The Infrastructure Security category covers a variety of technologies to secure access through a switch and to mitigate spoofing attacks. The exam update adds AAA feature coverage to access the switch itself.

Where are the Layer 3 or multilayer switching features? In Infrastructure Services, all the First-Hop Redundancy Protocols (HSRP, VRRP, and GLBP) are covered. Layer 3 switching is also implied. It is worth noting that the exam update adds IPv6 and DHCP coverage.

With the 300-115 exam update, you can expect to find that technologies such as wireless, VoIP, and video have been removed. You will still have to know how to configure switch ports to support wireless access points and IP phones, as well as Power over Ethernet to power those devices.

The SWITCH exam is loosely based on the Implementing Cisco IP Switched Networks (SWITCH) course, offered as instructor-led training from a Cisco Learning Partner. Although the 5-day course covers a multitude of LAN switching topics, it can’t cover everything. Because of that, the exam might have questions about topics that fall outside of the course. Even further, the exam might cover topics that aren’t listed on the exam blueprint.

Hands-on experience is a great asset for the SWITCH exam, especially on the simulation and scenario-based questions. This allows you to configure, validate, and interact with the simulated switches more efficiently without having to use the context-based help to search for and guess possible commands and keywords.

Recommended Study Resources

For self-study, you should read through the CCNP SWITCH 300-115 Official Certification Guide. This Cisco Press book covers a broad spectrum of switch topics and features according to a granular breakdown of exam objectives. The book also offers quizzes, memory tables, key topics, and practice questions on a CD-ROM. You can find information on the Cert Guide at www.pearsonitcertification.com/title/9781587205606.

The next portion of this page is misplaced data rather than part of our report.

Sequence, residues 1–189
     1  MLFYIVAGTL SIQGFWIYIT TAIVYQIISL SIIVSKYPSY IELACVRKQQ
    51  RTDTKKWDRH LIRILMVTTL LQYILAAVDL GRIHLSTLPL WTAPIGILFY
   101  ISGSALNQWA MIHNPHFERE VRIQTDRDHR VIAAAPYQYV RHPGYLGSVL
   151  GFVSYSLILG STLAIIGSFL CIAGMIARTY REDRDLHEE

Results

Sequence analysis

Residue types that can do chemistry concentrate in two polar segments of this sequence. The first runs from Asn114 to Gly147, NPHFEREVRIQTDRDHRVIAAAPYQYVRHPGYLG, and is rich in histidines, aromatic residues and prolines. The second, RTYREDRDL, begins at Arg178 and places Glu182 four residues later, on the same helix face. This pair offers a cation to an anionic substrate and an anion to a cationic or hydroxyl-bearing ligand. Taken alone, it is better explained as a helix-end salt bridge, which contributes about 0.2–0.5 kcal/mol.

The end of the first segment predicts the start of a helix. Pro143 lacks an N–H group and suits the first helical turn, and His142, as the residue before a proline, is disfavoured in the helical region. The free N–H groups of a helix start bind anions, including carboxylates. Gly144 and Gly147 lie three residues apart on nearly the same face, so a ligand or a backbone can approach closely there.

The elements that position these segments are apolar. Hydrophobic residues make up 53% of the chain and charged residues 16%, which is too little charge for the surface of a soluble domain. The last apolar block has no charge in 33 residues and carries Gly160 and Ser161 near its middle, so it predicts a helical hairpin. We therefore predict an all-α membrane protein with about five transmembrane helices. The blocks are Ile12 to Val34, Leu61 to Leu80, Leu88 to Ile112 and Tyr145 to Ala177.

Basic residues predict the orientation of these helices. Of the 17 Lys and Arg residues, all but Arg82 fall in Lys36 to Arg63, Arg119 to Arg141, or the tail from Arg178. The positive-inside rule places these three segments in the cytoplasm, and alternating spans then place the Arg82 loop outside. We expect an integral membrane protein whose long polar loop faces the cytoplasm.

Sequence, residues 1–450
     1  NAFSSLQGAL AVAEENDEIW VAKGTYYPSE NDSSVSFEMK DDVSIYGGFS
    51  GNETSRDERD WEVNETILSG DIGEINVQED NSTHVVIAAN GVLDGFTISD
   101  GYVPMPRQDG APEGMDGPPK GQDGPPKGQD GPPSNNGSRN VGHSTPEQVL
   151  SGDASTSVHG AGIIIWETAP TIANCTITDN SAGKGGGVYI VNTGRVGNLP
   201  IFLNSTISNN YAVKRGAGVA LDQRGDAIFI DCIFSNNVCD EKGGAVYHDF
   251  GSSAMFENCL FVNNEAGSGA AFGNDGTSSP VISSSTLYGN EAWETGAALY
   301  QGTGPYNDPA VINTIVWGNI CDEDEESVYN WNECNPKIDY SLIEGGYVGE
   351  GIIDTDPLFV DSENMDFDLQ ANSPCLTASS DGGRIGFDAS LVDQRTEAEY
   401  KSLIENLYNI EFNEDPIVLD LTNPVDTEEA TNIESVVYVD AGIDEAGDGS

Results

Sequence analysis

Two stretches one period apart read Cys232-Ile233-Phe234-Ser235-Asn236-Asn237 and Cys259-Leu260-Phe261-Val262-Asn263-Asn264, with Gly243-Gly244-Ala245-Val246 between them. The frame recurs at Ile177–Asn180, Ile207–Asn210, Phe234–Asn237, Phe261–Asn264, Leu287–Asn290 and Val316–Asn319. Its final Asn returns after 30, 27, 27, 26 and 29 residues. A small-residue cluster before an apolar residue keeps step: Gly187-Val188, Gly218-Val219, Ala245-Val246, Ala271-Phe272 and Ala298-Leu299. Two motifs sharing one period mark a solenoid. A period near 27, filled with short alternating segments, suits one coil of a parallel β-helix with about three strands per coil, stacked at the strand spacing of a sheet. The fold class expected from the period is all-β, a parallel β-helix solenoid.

The CCNP Routing and Switching SWITCH 300-115 Complete Video Course is a self-contained training course that you can watch on-demand. It contains many hours of live instruction and demonstrations that explain the topics you need to master for the SWITCH exam. You can find information about this course at www.pearsonitcertification.com/title/9780789754073.

To gain hands-on experience with Cisco switches, you can build up a rack of physical equipment in your workplace or home. As an alternative, you can also explore the Cisco Learning Labs, which provide access to virtual equipment.

Where to Go from Here

Research and select a Cisco certification to pursue. If you begin with the CCNA, you’ll cover the prerequisite for any other more advanced certification such as CCNP or CCDP. The LAN switching content found in CCNA forms a natural starting point for the SWITCH exam.

The CCNP certification consists of three exams: ROUTE, SWITCH, and TSHOOT. If you decide to pursue the CCNP, you should start with either the ROUTE or SWITCH exams. When you have those foundations completed, move on to the TSHOOT exam.

Similarly, the SWITCH exam is one of three exams required for the CCDP certification in network design.